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The Source Coding Theorem states that the entropy of an alphabet of symbols specifies to within one bit how many bits on the average need to be used to send the alphabet.

The significance of an alphabet's entropy rests in how we can represent it with a sequence of bits . Bit sequences form the "coin of the realm" in digitalcommunications: they are the universal way of representing symbolic-valued signals. We convert back and forth betweensymbols to bit-sequences with what is known as a codebook : a table that associates symbols to bit sequences. In creating this table, we must be able to assign a unique bit sequence to each symbol so that we can go between symbol and bit sequences without error.

You may be conjuring the notion of hiding information from others when we use the name codebook for thesymbol-to-bit-sequence table. There is no relation to cryptology, which comprises mathematically provable methods ofsecuring information. The codebook terminology was developed during the beginnings of information theory just after WorldWar II.

As we shall explore in some detail elsewhere, digital communication is the transmission of symbolic-valued signals from one place toanother. When faced with the problem, for example, of sending a file across the Internet, we must first represent eachcharacter by a bit sequence. Because we want to send the file quickly, we want to use as few bits as possible. However, wedon't want to use so few bits that the receiver cannot determine what each character was from the bit sequence. Forexample, we could use one bit for every character: File transmission would be fast but useless because the codebookcreates errors. Shannon proved in his monumental work what we call today the Source Coding Theorem . Let B a k denote the number of bits used to represent the symbol a k . The average number of bits B A required to represent the entire alphabet equals k 1 K B a k a k . The Source Coding Theorem states that the average number of bits needed to accurately represent the alphabet need only to satisfy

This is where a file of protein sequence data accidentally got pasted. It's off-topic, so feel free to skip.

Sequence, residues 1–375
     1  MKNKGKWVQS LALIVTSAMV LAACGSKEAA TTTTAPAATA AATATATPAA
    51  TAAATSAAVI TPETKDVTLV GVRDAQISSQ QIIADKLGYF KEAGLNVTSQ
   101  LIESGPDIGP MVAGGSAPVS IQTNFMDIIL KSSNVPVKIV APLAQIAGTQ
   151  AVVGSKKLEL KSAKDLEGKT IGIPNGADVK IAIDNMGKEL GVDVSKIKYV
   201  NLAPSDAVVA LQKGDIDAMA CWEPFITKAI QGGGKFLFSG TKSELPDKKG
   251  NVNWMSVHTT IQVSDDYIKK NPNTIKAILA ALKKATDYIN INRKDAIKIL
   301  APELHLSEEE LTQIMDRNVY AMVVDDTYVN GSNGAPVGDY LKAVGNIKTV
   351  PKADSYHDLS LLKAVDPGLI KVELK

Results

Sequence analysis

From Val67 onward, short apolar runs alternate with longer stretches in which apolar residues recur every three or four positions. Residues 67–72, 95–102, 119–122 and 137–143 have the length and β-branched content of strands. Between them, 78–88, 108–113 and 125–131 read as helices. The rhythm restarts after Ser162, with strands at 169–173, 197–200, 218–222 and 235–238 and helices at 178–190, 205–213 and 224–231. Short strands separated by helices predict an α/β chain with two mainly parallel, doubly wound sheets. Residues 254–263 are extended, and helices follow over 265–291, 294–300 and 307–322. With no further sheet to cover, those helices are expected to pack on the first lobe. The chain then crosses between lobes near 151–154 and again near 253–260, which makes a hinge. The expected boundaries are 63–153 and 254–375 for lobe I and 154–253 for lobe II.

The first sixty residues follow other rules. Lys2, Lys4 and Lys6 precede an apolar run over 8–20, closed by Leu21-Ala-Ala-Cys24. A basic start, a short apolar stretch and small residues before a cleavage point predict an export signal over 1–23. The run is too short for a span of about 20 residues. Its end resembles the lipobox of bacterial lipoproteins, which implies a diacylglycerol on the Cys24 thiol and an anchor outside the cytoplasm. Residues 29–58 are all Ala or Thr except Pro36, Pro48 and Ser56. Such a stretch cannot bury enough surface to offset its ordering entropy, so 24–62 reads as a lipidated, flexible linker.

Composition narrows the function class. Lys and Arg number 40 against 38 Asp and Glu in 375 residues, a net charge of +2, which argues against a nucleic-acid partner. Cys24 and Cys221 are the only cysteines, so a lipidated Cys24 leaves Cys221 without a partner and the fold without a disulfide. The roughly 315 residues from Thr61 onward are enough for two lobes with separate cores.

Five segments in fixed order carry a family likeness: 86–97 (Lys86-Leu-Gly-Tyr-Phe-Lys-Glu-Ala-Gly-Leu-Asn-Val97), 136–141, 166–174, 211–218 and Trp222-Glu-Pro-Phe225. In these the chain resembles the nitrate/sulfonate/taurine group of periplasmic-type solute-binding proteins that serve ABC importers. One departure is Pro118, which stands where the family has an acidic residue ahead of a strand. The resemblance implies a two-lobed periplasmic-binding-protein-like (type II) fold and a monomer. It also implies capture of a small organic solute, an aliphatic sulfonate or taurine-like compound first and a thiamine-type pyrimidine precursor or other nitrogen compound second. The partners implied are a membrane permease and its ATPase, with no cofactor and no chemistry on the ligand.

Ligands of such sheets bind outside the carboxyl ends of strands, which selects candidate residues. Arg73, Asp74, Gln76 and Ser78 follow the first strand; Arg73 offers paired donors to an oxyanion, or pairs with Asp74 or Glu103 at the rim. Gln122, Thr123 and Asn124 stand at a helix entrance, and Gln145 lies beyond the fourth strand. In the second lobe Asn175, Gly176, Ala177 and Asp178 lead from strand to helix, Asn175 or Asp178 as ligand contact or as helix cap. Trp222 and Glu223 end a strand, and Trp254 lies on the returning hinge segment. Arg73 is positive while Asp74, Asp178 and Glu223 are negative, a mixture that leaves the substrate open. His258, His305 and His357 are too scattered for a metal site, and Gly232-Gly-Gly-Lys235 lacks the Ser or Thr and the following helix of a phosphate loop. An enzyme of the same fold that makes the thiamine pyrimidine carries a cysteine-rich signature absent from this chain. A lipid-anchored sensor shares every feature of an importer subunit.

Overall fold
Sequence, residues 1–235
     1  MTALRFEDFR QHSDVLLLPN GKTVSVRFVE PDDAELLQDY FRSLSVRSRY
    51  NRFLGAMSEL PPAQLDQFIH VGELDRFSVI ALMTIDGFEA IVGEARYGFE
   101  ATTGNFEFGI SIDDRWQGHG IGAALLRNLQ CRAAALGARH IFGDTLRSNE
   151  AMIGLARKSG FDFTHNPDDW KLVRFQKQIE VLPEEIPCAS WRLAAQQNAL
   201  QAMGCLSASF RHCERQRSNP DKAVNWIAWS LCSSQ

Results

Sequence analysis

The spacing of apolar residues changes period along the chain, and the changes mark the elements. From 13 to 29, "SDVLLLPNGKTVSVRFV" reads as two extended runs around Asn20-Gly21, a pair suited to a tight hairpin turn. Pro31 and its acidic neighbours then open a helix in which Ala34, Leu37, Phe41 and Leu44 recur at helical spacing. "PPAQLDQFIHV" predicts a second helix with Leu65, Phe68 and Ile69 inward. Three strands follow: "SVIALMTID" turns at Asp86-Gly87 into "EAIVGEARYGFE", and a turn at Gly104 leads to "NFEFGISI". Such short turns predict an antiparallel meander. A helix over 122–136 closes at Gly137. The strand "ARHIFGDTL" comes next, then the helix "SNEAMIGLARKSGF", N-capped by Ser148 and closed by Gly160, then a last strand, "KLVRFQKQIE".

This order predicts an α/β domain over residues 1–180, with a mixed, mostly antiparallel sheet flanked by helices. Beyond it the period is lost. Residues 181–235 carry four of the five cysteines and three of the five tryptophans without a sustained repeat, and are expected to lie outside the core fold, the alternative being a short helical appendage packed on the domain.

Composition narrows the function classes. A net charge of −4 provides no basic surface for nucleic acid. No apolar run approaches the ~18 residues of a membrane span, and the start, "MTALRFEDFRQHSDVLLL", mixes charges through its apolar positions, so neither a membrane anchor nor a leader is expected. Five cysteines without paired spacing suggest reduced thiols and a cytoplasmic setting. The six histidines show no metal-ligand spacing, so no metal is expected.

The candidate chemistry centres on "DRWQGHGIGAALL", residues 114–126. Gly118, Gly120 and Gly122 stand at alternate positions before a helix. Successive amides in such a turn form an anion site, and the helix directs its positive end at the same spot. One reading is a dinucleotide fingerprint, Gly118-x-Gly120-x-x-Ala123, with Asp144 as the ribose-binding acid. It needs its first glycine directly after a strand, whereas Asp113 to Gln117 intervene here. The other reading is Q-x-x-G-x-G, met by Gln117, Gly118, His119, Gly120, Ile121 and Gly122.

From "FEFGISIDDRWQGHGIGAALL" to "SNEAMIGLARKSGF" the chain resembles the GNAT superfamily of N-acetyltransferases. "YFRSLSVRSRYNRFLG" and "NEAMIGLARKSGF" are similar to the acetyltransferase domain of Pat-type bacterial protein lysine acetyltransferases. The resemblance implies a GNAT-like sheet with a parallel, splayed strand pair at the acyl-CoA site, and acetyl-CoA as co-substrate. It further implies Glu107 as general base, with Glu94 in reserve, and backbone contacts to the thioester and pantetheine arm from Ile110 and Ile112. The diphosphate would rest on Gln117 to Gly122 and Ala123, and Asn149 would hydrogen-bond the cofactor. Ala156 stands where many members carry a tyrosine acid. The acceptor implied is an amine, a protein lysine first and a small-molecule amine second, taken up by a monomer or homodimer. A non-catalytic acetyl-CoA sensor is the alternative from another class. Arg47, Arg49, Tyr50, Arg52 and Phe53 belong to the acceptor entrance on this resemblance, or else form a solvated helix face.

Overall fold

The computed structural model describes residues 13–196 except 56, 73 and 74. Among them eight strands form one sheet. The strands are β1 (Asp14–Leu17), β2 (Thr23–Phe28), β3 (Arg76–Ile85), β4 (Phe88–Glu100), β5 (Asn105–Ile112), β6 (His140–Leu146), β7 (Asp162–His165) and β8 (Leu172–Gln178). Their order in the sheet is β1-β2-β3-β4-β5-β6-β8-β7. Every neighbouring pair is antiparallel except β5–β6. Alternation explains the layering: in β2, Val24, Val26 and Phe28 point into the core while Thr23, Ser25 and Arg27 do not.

H A B A H A 1
Thus, the alphabet's entropy specifies to within one bit how many bits on the average need to be used to send the alphabet.The smaller an alphabet's entropy, the fewer bits required for digital transmission of files expressed in that alphabet.

A four-symbol alphabet has the following probabilities. a 0 1 2 a 1 1 4 a 2 1 8 a 3 1 8 and an entropy of 1.75 bits . Let's see if we can find a codebook for this four-letter alphabet that satisfies the Source CodingTheorem. The simplest code to try is known as the simple binary code : convert the symbol's index into a binary number and use the same number of bits for each symbol byincluding leading zeros where necessary.

a 0 00 a 1 01 a 2 10 a 3 11
Whenever the number of symbols in the alphabet is a power oftwo (as in this case), the average number of bits B A equals 2 logbase --> K , which equals 2 in this case. Because the entropy equals 1.75 bits, the simple binary code indeed satisfies the Source Coding Theorem—we arewithin one bit of the entropy limit—but you might wonder if you can do better. If we choose a codebook with differingnumber of bits for the symbols, a smaller average number of bits can indeed be obtained. The idea is to use shorter bitsequences for the symbols that occur more often. One codebook like this is